Why Your Organisation Needs a Business Continuity Plan

I think it’s fair to say, the last few months have been a real test for all of us, adapting to extreme changes to our personal and business environments, while also trying to stay safe, healthy, motivated (and sane!).

A business continuity plan (BCP) is common practice within an organisations overall business plan and risk management strategy. Its purpose is to help the business be prepared for, and continue to operate after, an incident or crisis. The current pandemic is an unfortunate, global, example of an incident which has stress tested many BCP’s around the world. Some other examples of incidents which can incite one or many aspects of a BCP are:

  • Natural disasters – floods, storms, drought.
  • Technology – computer networks, business critical hardware, data breaches.
  • Work health & safety – accidents that are caused by work-related hazards.
  • Economic and financial events – global financial crises, interest rate increases, rising costs.
  • Human resources – union and industrial relation issues, human error, conflict management.
  • Suppliers – failure or significant disruption to supply chain for inventory or raw materials.

The types of incidents can be quite broad and vary significantly, depending on the business, the event, and the potential negative impact on the business and its people. In terms of the current pandemic, this event has had an impact on several levels because it is global, and the nature of the event has meant that it has likely touched nearly every area of the list of incidents above with its ripple and flow on effects – directly and indirectly (such as ‘panic buying’). Most incidents are often more isolated, still severe, but limited only to a single business, a single industry, a single country, for example.

What is in a Business Continuity Plan?
It is not just a box to tick, as I am sure many businesses will attest to at present. The contents and complexity of the BCP will be unique to each business, but should all have 3 core components:

1. Risk management plan (and business impact analysis) – outlining the key risks that could adversely affect the business – what is the risk, what is the potential impact?

2. Response plan – how the business will respond if one of the risks becomes a material event?

3. Recovery plan – how will the business recover, following the event? If at all.

Even with a BCP in place, risks are often subjective and it’s difficult, or impossible, to accurately measure the foreseeable impact. It requires an element of scenario analysis based on what is known, what is foreseen and events of the past.

Key takeaways following COVID-19
Like we saw following the global financial crisis of 2007, I would expect that businesses will have a ‘return to normal’ debrief of the events over the last 4-5 months.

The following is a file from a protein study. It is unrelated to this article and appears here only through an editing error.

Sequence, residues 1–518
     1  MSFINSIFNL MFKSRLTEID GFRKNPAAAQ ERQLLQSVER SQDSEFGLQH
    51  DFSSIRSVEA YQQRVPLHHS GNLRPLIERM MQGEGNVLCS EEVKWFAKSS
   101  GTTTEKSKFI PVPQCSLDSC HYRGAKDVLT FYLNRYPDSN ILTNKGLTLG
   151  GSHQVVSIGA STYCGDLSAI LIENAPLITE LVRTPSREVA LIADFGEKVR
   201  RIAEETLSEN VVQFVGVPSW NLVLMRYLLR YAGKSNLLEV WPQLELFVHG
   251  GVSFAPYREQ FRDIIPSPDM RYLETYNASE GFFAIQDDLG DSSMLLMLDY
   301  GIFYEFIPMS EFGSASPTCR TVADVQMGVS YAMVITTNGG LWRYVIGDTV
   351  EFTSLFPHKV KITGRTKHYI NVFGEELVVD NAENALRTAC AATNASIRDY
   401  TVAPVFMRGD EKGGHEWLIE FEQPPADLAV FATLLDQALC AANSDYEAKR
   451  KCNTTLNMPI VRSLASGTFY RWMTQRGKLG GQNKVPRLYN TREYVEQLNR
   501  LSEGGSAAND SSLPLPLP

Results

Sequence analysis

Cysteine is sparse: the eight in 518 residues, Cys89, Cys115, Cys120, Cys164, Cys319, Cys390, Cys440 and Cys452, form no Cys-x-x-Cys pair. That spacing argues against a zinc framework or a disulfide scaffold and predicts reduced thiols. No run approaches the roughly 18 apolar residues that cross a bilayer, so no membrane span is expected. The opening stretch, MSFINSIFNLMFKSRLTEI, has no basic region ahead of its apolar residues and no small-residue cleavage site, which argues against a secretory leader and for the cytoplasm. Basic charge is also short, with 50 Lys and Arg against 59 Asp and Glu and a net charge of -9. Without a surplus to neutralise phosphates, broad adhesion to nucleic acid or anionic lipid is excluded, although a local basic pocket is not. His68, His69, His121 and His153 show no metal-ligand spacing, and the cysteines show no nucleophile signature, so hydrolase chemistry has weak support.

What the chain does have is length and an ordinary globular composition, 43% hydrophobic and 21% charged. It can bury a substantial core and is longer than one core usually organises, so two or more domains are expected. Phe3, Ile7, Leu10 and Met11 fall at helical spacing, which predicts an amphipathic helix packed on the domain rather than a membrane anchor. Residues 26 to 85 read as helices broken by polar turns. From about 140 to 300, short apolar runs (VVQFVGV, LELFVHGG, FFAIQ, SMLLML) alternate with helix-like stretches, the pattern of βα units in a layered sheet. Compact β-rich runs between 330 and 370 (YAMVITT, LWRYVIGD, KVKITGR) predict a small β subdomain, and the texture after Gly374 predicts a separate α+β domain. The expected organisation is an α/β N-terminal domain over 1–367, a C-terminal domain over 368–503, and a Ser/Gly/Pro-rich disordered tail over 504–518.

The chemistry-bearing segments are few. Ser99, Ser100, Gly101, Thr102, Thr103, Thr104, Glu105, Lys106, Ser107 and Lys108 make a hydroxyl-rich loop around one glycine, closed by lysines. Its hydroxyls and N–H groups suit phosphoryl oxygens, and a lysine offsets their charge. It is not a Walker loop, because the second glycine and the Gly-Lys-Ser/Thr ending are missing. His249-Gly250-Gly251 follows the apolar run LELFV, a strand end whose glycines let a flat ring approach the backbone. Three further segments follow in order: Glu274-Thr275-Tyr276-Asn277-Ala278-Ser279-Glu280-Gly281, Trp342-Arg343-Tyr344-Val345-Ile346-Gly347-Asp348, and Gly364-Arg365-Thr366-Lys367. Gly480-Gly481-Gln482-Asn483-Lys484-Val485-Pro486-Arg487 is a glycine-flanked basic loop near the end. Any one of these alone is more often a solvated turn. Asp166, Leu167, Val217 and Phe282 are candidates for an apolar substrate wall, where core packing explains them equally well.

One aspect that many businesses have underestimated during this pandemic was the need to be able to decentralise business critical processes at short notice, while minimising disruption, and cost, to their business. Organisations who were most prepared appear to be those who had already commenced a digital transformation strategy or at a minimum had enabled a semi-remote workforce.

If we look at supply chain and procurement as one example, we have witnessed the extreme strain placed on the supply chains of supermarkets, where demand for certain products increased drastically while at the same time certain manufacturers were unable to provide products. It highlighted the need for real-time visibility for these businesses to be agile, making informed decisions about pivoting their operations to deliver the best outcomes for their customers.

I have seen how important strong supplier relationships can be in a challenging business environment and the importance of good communication with suppliers and customers. In my engagements with customer and prospects, one of the biggest challenges they have faced is effectively decentralising the finance function which traditionally is the last area of the business to be addressed.

In my field, supplier invoice processing and corporate card/expense management have been highlighted as areas where the challenge of manual processes have been magnified by the need for workers to move to a remote working environment. Not only from a business process point of view, but also a severe lack of control and visibility into financial liabilities at a time when cash flow is critical. Lack of insight also leads to the inability to make informed decisions, quickly, when it matters the most.

Digitising these areas along with other core business processes, will not only form a basis to build out a solid BCP, but also ensure businesses are better prepared to survive the challenging times we are experiencing today.

This blog originally published on Linkedin.